The Birth of LINE (London Islamic Network for the Environment)

In early 2004, I used an Islamic environmental elist I had developed over the years (later called Ecobites) as a vehicle to publicise my intention to form a network in London, which is where I felt there would be greatest potential, even though I was then living in Brighton. The first meeting of just three people took place on January 10th 2004 in my parents home, and with sustained effort the group became established. Eight months later on September 5th 2004, this new group decided on an official name: the London Islamic Network for the Environment, or LINE.

The group held open monthly forums in central London with an inclusive circle format,  reflecting on a range of themes; from Quranic reflections to ‘Green Economics’; from Peace activism to biofuels; from Forum Theatre to Modern Social movements; from Palestine to Food & farming… and more! We sometimes had speakers, and on each occasion drew on the wisdom in the room to stimulate reflection and dialogue. We also delivered numerous talks and workshops to a wide cross section of society and mobilised the muslim Community to take action.

More on these early days is on this audio interview.


Islam and Ecology: A Bestowed Trust - Inviting Balanced Stewardship

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Islam and Ecology: A Bestowed Trust
Inviting Balanced Stewardship

Frederick M. Denny

University of Colorado



The Qur’an, Islam’s primary authority in all matters of individual and communal life, as well as theology and worship, tells of an offer of global trusteeship that was presented by God to the Heavens, the Earth, and the Mountains (Sura 33:72), but they refused to shoulder the responsibility out of fear. Humankind seized the opportunity and bore the “trust” (amana), but they were “unjust and very ignorant.” Even so, God through mercy has guided and enabled humankind in bearing the responsibility of the amana, although they have in the process also been subjected to punishment for their hypocrisy and unbelief. The Qur’an, however, is clear that God is the ultimate holder of dominion over the creation (e.g., Sura 2:107, 5:120), and that all things return to Him (Sura 24:42) and are thus accountable each in their own ways. There is, in the Qur’an and in the teachings and example of the Prophet Muhammad, preserved in a literary form known as Hadith, much with which to construct an authentic Islamic environmental ethic that both sustains what Muslims have achieved traditionally in this direction and leaves open a wide avenue for creative and innovative solutions in the contemporary context.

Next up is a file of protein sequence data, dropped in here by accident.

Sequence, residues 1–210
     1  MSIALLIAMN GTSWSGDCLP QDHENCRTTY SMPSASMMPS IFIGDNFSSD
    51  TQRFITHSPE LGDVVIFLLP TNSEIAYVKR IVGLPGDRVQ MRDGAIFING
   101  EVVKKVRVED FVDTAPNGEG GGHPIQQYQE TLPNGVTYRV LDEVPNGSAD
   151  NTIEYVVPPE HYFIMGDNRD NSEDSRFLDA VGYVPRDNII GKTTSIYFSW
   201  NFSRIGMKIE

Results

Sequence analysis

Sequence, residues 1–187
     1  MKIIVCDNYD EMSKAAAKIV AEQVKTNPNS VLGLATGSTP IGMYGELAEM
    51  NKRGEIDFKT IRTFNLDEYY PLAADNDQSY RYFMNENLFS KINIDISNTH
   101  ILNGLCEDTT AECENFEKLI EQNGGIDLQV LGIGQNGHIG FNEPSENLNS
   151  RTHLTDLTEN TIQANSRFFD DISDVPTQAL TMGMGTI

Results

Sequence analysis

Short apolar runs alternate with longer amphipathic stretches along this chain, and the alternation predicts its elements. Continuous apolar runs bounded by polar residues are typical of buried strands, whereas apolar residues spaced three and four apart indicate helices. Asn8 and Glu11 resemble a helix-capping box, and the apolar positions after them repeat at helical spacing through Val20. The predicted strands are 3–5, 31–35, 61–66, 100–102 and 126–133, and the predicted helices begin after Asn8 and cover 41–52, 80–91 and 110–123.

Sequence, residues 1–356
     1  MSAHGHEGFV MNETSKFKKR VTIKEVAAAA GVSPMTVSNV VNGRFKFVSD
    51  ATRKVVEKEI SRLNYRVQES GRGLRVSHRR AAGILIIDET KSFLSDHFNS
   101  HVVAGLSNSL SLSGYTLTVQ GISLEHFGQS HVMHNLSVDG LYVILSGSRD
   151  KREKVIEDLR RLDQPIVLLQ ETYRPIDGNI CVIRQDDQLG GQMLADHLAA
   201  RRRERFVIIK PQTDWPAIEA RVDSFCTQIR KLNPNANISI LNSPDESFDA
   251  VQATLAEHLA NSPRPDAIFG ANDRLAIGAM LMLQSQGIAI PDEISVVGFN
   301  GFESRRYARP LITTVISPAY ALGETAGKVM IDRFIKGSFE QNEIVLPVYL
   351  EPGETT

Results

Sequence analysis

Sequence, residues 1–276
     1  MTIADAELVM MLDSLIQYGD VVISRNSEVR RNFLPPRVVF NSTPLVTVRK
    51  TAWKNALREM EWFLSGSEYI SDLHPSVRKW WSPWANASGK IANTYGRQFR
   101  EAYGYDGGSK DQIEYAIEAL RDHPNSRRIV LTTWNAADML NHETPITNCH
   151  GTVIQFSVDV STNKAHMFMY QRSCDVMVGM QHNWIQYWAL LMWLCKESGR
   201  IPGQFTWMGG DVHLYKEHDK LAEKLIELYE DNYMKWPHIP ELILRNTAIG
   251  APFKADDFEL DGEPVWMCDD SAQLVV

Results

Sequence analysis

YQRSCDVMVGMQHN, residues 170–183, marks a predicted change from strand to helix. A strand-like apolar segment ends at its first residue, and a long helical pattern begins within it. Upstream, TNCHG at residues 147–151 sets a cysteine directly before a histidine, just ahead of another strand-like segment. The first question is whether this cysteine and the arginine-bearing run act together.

With respect to humankind’s stewardship of the earth, the privilege entails a profound responsibility. Other living species are also considered by the Qur’an to be “peoples or communities” (ummas; Sura 6:38). The creation itself, in all its myriad diversity and complexity, may be thought of as a vast universe of “signs” of God’s power, wisdom, beneficence, and majesty. The whole creation praises God by its very being (Sura 59:24; compare with 64:1).

“With Him are the keys (to the treasures) of the Unseen that no one knows but He. He knows whatever there is on the earth and in the sea. Not a leaf falls but with His knowledge: there is not a grain in the earth’s shadows, not a thing, freshly green or withered, but it is (inscribed) in a clear record” (Sura 6:59).


1000 Years Amnesia: Environment Tradition in Muslim Heritage

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1000 Years Amnesia: Environment Tradition in Muslim Heritage

In a seminar organised by the Oxford Centre of Islamic Studies in 11 January 2005, aimed at brain-storming the topic of Islam and the Environment, Professor Al-Hassani presented a short overview on the environment issue in Islam as seen from its sources and from history of Muslim practice over a 1000 years of planning and management of natural resources. The following article expands on earlier lectures and contributions made by Professor Al-Hassani including his participation in the conference "Islam and the Environment: Muslim 7 Year Action Plan to deal with Climate Change" held in Istanbul 6-7 July 2009.